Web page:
How to Stay Fit and Active as You Grow Older
Fitness is not just for the young
- walking on uneven surfaces?
- climbing up stairs?
- getting out of a chair
Why Strength and Balance Matters
There are many reasons why we can lose strength and balance - the most common is lack of use.
As we get older we are less vigorous, less adventurous and less active, so we don’t challenge our sense of balance as we did when we were young.
We need to avoid the disuse cycle
Your sense of balance can be influenced by:
Be sure you stay on your feet. Remember if we don’t use it – we lose it
As you grow older you need:
Consider seriously increasing your level of fitness or activity even if your strength and balance and general fitness is still good.
Find an exercise class that suits you, something that:
If you join an exercise class and:
Other recreational or sporting activities you may enjoy:
Visit ‘Active Canterbury’ and ‘Sport Canterbury’ websites for a list of activities in your area.
Some general tips on exercise:
Physical activity is the best medicine for our bodies so keep it up as you age and enjoy it.
If you need some advice about what exercise is best for you our friendly physiotherapist can help, just contact us on:
Phone: 03 377 5280 Email: firstname.lastname@example.org
How fit am I?
As we grow older our strength, balance and general fitness is in danger of declining so much so that we put ourselves at risk of falls, something we all wish to avoid.
If you want to know how fit you are and to test your balance here a few tests you can do yourself.
Walking distance – are you able to comfortably walk:
Not being able to walk round the block from your home is one indicator for increased risk of falling.
Get up and go test – start by sitting down on a dining type chair. Record how long it takes you to:
rise to standing
walk three metres (10 feet)
Try it again in a month’s time. A change of result by more than four seconds can indicate a change in the level of mobility.
six seconds slower - weaker/less confident mobility
six seconds faster - stronger/more confident mobility which is what you want
This test has four levels of increasing difficulty and should be done without assistance. We advise you have someone with you while you do the test.
Scoring - Note down how long you hold each position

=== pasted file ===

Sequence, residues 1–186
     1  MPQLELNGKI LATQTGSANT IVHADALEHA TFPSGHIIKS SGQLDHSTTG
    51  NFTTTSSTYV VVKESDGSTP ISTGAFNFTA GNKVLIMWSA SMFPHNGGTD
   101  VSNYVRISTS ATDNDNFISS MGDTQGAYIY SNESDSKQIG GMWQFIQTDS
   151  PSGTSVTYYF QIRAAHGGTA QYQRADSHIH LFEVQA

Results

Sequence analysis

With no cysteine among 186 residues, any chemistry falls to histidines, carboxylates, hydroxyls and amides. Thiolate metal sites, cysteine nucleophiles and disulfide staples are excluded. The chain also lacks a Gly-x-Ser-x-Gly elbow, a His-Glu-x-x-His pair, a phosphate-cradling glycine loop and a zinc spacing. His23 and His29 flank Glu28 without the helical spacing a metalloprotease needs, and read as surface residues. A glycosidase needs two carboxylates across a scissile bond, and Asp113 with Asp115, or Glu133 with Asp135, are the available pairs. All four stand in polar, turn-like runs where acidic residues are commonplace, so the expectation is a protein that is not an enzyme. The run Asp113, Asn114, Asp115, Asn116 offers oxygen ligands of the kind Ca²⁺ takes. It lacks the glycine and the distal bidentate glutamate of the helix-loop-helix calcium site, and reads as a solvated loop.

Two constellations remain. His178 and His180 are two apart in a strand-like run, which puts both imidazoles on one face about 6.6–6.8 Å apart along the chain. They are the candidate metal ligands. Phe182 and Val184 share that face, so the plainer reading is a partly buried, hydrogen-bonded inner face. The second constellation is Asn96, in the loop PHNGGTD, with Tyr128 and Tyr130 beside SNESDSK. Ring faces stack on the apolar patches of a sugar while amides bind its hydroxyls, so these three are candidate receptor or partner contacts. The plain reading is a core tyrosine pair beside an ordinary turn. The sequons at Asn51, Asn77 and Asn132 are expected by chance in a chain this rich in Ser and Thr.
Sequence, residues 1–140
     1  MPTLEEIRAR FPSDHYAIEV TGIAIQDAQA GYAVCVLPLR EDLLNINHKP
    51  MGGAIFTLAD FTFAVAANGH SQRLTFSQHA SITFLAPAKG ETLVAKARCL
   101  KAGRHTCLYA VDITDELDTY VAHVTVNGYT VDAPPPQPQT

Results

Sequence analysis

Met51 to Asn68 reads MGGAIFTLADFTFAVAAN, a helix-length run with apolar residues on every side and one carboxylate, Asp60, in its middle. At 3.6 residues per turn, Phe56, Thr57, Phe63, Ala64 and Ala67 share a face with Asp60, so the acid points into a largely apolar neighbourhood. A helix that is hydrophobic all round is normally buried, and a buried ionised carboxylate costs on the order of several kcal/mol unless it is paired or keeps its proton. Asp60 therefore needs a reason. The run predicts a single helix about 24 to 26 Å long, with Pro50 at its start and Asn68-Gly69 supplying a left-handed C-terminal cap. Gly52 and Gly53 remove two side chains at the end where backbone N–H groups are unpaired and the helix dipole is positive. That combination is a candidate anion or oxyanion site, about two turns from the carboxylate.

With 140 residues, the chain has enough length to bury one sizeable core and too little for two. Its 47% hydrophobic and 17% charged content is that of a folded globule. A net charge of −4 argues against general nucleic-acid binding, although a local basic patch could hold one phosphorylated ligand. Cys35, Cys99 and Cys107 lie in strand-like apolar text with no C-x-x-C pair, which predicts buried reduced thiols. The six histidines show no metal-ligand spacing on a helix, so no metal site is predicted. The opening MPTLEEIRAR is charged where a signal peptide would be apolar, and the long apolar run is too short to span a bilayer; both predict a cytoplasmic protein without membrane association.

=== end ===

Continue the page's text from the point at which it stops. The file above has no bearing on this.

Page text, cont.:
Level 1 Feet together stand / 10 seconds
Level 2 Semi-tandem stand / 10 seconds
Level 3 Tandem stand / 10 seconds
Level 4 One leg stand / 10 seconds
Total / 40 seconds
Score of: under 20 seconds very poor balance
20 – 30 seconds poor balance
30 – 35 seconds moderately good balance
35 - 40 seconds good balance
Leg strength test
Level 1 stand up with arms crossed if possible
or use a hand to push up
or use two hands to push up
Level 2 stand up taking 5 seconds from when your bottom is off the seat
Level 3 sit down taking 10 seconds until your bottom touches the seat
Level 4 sit down, stopping half way down, hold 5 seconds, then continue to sit
Level 5 sit down stopping about 5 cm from the seat, hold 5 seconds, then continue to sit
Stand and sit arms crossed 5 points / 5
one hand to push up 3 points / 5
two hands to push up 1 point / 5
Stand taking 5 seconds (score number of seconds held) / 5
Sit taking 5 seconds (score number of seconds held) / 5
Sit and stop half way down – hold 5 seconds
(score number of seconds held) / 5
Sit and Stop when about 10 cms from the seat – hold 5 seconds / 5
Then continue to sit (score number of seconds held)
Total / 25
Score of: under 10 seconds very poor leg strength
15 seconds poor leg strength
20 seconds moderate leg strength
25 seconds good leg strengths
40 seconds good balance
If you scored poorly on any of these tests, it’s time to take action!!
See our How to Stay Fit and Active as You Grown Older information page.
Our friendly physiotherapist can help just contact Therapy Professionals Ltd on
Phone: 03 377 5280 Email: email@example.com
Financial support for those caring for
a disabled person
(from Ministry of Health Website)
If you have an elderly family member or disabled child you care for at home and you need some time off the Ministry of Health can help fund some support (Carer support) for you.
You may be able to use this support to fund some allied health services. Talk with your local DHB Needs Assessment and Service Coordination (NASC) services or Ministry of Health NASC Lifelinks in Christchurch.
Carer support provides reimbursement of some of the costs of using a support person to care and support a disabled person. This means their carer can take some time out for themselves.
What Carer Support is
Carer support is a subsidy that helps you take some time out for yourself. It provides reimbursement of some of the costs of care and support for a disabled person while you have a break.
Who can get Carer Support
Carer support is available for full time carers - a full time carer is the person who provides more than four hours per day unpaid care to a disabled person, for example, the parent of a disabled child.
The number of hours or days that Carer Support is funded for depends on your needs and those of the person you are care for.
Who funds Carer Support
Carer support for people with age-related support needs, mental health and long-term medical conditions is funded by district health boards.
Carer Support for people with disabilities is funded by the Ministry of Health.
Getting Carer Support
You can be assessed by a Needs Assessment Service Coordination (NASC) organisation, or, undertake a review with you, usually after a year.
You can find out more about claiming at Carer Support Claims or by talking to your local NASC.
Carer Support payments may be subject to income tax. This will depend on your individual circumstances. You may wish to seek advice regarding tax issues from the Inland Revenue Department or, if you receive a benefit, from Work and Income New Zealand.